Without a doubt it’s of high interest to land human beings on the red planet for the first time. Space agencies are talking about it every day, and so are the commercial rocket companies that want to help us get there.
Boeing and SpaceX are both on-board with it, and NASA has a pretty good idea of how they’re going to make it happen, but it’s still not going to happen for another couple of decades or longer.
Nevertheless, should we be considering the negative side effects that putting human beings on another planet besides Earth might have for them? According to a study published in Nature Scientific Reports, astronauts put on Mars may suffer from dementia and cognitive dysfunction as a result of being bombarded from the charged particles found in cosmic rays.
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The effects were first seen in rodents that were subjected to charged particles at the NASA Space Radiation Laboratory for long periods of time. Neuro scans revealed long-term brain damage to the parts of their brains that would deal specifically with memory. Even six months after, inflammation and other problems were present.
“This is not positive news for astronauts deployed on a two-to-three-year round trip to Mars,” said Charles Limoli, the professor of radiation oncology in UCI’s School of Medicine.
“The space environment poses unique hazards to astronauts. Exposure to these particles can lead to a range of potential central nervous system complications that can occur during and persist long after actual space travel – such as various performance decrements, memory deficits, anxiety, depression and impaired decision-making. Many of these adverse consequences to cognition may continue and progress throughout life.”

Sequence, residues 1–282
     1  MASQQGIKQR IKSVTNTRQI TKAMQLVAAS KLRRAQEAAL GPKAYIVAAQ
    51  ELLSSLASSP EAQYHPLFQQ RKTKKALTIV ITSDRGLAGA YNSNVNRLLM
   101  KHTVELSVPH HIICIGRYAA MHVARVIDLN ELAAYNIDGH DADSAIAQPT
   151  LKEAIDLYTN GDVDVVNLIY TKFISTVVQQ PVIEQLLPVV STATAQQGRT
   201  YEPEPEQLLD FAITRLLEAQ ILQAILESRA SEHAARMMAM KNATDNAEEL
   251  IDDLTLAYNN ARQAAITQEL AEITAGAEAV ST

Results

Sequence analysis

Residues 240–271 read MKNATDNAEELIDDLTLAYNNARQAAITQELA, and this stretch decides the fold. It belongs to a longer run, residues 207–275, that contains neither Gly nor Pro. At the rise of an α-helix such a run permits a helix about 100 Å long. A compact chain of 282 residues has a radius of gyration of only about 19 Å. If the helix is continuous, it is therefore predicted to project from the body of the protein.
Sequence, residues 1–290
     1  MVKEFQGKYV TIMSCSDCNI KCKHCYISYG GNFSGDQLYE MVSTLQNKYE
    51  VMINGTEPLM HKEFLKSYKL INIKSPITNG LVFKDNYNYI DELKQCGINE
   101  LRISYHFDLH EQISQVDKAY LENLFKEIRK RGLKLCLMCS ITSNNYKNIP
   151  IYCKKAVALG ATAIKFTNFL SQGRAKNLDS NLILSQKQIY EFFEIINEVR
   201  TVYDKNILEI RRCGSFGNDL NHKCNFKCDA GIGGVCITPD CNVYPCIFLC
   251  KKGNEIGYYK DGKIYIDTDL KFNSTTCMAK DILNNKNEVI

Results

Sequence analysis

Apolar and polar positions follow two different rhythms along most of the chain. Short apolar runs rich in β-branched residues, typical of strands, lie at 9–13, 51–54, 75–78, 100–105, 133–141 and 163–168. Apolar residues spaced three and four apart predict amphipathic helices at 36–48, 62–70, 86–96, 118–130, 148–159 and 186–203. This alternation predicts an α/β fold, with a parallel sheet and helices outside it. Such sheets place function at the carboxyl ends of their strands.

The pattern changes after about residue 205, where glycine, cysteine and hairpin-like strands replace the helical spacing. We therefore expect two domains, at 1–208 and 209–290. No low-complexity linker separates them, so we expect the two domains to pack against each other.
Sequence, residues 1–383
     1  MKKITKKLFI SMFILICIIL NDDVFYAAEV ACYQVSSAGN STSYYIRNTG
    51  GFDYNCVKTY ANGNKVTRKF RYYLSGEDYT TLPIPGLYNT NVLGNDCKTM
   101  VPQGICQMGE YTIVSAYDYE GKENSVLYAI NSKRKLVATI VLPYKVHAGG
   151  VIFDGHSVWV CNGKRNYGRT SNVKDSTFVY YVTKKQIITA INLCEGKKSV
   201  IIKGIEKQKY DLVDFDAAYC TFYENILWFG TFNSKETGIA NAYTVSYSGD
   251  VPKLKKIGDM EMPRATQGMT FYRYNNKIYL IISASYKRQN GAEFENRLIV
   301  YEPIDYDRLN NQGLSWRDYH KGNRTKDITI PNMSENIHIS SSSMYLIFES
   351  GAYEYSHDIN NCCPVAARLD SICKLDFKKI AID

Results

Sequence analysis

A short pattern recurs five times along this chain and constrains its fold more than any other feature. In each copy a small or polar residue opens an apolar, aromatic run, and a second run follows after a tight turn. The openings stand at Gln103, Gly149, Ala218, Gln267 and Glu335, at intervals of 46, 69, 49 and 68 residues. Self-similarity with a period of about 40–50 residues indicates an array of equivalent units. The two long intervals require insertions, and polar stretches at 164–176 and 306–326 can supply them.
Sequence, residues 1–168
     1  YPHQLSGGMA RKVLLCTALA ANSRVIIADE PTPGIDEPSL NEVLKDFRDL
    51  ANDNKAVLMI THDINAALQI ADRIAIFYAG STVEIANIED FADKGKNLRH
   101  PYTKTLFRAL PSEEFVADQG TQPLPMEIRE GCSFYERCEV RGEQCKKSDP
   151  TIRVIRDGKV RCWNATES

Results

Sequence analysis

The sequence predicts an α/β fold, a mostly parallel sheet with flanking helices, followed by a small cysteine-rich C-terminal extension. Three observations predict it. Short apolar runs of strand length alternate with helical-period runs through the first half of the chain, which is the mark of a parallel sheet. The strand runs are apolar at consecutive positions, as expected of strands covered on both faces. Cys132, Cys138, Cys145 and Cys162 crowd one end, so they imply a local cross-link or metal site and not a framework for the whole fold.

Mars doesn’t have a very thick atmosphere like the Earth does, and as a result, anything on its surface is relatively vulnerable to the different kinds of harmful light rays that could harm human beings.
Obviously, Mars-based astronauts will live inside of habitation modules with pressurized air and radiation protection, and will wear special space suits any time they venture outside of that module, but still it’s only going to protect them so much.
But even then, that’s not where most of the risk is posed. Much of that comes from the space in between the Earth and Mars, where there’s no longer any magnetosphere to protect astronauts during transit. It would take a long time for a spacecraft to travel from Earth to Mars, and this is where most of the hazard occurs.
Some of the things we can do include increasing the amount of shielding on parts of the spacecraft where astronauts will sleep or spend long periods of time, but other things are being explored as well. Preventative medicines that could help with astronauts’ immunity to these possible mental side effects are also being looked into.
Source: University of California, Irvine